Ford Motor Co. (F:US), which eliminated 35 percent of its big-city Lincoln dealers last year, is asking the survivors to put their sales staff through a training academy that emulates a concierge service at a luxury hotel.
Ford hired Les Clefs d’Or, an international association of hotel concierges, to consult on creating the Lincoln Academy, the automaker said yesterday in a statement. It’s the first such alliance between an automaker and the concierge group, according to Ford, which didn’t reveal terms of the deal.
“We realize that great new vehicles are only one part of Lincoln’s transformation,” Jim Farley, Ford global marketing chief, said in the statement. New models “have to be matched with personal and innovative customer service.”
Chief Executive Officer Alan Mulally is seeking younger, wealthier buyers and a bigger slice of more-profitable premium- car sales for Lincoln. The lagging luxury line, whose buyers average 65 years old, has seen sales slide 63 percent since peaking in 1990. It’s introducing seven new models by 2015.
Ford, the second-largest U.S. automaker, has asked Lincoln dealers to spend as much as $2 million each to renovate showrooms and upgrade service as it seeks to provide customers with a buying experience similar to competitors such as Bayerische Motoren Werke (BMW) AG’s BMW, Daimler AG (DAI)’s Mercedes-Benz and Toyota Motor Corp. (7203)’s Lexus luxury line.
Last year, Ford cut its Lincoln dealers in U.S. metropolitan markets to 325 from more than 500 so they compete less with each other and more with other luxury-auto brands.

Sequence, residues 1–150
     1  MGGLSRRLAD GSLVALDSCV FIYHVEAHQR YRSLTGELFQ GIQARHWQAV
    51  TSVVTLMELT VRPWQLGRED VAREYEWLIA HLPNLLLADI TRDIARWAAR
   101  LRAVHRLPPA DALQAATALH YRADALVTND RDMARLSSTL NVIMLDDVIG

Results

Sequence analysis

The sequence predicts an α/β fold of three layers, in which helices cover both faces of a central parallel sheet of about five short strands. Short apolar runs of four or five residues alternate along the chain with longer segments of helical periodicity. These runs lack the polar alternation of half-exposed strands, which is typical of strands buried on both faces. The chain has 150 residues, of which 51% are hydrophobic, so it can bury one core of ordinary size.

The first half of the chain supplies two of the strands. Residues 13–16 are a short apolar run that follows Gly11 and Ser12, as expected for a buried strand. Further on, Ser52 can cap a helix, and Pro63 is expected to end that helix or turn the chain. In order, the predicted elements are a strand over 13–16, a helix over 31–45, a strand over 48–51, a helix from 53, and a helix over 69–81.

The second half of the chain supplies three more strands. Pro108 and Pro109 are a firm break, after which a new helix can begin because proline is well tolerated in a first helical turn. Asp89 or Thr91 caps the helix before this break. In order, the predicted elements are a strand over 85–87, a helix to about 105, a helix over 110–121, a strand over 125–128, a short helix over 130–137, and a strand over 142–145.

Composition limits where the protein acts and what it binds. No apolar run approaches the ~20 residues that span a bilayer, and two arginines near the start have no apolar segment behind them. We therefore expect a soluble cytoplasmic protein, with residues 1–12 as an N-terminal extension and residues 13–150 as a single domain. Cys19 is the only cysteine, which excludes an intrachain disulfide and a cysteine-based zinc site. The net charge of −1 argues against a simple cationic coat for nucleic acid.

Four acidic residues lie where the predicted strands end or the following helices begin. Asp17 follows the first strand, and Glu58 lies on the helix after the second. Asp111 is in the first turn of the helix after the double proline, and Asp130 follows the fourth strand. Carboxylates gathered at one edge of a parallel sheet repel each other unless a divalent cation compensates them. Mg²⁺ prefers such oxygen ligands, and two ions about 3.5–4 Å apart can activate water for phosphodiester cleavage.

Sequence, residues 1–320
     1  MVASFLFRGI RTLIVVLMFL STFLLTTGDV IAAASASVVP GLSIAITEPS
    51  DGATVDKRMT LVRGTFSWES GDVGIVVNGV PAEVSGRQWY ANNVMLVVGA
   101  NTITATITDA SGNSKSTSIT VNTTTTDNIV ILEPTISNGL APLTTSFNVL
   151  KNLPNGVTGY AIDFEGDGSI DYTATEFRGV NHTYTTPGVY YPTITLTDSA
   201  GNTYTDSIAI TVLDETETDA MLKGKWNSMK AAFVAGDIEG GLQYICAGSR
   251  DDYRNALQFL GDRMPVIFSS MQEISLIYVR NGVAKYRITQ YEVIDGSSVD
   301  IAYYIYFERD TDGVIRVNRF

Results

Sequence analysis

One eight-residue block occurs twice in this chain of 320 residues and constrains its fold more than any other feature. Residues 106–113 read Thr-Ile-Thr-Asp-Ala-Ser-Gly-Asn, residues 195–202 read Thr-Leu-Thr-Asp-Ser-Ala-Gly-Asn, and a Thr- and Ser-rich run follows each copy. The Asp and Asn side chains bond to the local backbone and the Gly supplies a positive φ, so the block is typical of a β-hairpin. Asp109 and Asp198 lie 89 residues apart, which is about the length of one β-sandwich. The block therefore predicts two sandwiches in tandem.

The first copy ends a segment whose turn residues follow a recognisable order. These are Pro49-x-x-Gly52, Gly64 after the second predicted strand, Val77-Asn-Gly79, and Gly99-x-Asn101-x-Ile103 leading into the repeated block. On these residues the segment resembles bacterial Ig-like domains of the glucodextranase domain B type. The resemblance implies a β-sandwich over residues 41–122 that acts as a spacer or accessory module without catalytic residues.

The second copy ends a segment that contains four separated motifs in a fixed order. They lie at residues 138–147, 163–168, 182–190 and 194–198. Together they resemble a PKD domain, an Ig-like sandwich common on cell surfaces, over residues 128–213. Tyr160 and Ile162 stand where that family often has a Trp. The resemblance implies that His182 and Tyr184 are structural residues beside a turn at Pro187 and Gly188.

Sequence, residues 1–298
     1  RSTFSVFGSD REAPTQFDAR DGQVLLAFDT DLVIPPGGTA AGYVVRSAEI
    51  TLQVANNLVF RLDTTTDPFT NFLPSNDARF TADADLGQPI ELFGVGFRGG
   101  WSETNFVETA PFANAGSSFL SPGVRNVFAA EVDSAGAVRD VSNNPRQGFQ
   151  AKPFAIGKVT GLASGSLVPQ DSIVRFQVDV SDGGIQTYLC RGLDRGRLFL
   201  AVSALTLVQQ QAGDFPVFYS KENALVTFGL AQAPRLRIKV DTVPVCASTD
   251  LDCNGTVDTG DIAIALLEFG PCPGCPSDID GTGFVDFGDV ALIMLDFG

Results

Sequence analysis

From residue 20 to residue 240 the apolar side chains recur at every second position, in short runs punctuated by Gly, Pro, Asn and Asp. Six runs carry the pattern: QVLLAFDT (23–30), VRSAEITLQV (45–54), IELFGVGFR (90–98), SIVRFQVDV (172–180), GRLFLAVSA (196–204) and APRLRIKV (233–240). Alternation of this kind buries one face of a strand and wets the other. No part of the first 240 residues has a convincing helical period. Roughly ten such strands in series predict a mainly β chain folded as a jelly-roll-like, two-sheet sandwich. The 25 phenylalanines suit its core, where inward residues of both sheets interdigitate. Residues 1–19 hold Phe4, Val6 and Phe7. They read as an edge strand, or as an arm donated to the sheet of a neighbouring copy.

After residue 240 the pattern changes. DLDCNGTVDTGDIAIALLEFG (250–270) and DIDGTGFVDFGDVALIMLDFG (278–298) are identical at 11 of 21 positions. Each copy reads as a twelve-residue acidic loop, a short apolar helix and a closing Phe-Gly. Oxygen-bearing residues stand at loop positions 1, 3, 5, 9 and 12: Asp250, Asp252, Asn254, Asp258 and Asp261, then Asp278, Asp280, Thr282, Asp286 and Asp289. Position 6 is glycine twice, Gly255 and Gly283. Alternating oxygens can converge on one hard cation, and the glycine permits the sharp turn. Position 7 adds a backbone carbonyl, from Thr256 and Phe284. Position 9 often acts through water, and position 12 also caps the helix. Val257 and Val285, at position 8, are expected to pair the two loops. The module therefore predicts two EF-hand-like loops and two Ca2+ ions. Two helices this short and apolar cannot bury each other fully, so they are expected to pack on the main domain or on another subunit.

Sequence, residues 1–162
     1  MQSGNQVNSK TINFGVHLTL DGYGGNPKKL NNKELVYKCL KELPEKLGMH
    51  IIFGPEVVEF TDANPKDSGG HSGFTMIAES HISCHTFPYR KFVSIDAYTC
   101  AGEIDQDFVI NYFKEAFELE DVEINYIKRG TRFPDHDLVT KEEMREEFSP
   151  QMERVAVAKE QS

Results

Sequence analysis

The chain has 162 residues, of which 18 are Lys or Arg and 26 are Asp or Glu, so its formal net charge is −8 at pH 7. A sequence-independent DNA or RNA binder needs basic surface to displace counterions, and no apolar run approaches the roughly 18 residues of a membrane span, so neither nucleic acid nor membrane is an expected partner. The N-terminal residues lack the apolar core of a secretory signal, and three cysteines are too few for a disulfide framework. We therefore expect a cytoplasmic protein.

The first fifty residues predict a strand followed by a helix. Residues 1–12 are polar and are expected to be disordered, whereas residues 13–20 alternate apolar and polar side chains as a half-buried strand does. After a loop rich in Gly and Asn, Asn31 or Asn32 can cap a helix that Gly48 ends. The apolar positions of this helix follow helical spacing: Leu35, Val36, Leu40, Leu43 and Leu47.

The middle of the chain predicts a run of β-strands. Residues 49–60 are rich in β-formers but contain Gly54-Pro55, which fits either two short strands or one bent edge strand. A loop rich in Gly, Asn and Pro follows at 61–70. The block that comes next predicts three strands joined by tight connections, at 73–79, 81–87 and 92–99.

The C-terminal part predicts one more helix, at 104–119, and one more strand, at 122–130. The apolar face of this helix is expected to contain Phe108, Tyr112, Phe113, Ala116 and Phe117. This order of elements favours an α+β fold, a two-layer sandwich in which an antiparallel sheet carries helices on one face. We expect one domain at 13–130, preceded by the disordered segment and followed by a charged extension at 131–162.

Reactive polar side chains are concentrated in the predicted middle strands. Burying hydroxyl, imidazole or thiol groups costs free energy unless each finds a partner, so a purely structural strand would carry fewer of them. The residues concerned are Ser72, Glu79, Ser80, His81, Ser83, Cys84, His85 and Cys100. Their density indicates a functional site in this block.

“It’s been really difficult work,” Farley said of the dealer consolidation at the Detroit auto show on Jan. 10. “But we’re getting to the right number of dealers.”
Ford wants to create “culture change in dealerships” with its Lincoln Academy training program, the automaker said in yesterday’s statement. The training, which begins midyear, will have hotel concierges training Lincoln sales staff in the proper way to treat customers, Ford said.
The treatment will include 24-hour online concierge service for Lincoln shoppers and owners. Staff members will be available around-the-clock to answer questions live through interactive video, the Dearborn, Michigan-based automaker said.
The online interaction will include guided walkthroughs of new Lincoln models and services as well as comparisons with rival luxury models. Lincoln will create personalized portfolios for buyers that they can access on their laptop, iPad or smart phone, Ford said.
Lincoln had U.S. sales of 85,643 vehicles in 2011, down from its 1990 peak of 231,660. The top-selling U.S. luxury auto brand last year was BMW with 247,907.
To contact the reporter on this story: Keith Naughton in New York at email@example.com
To contact the editor responsible for this story: Jamie Butters at firstname.lastname@example.org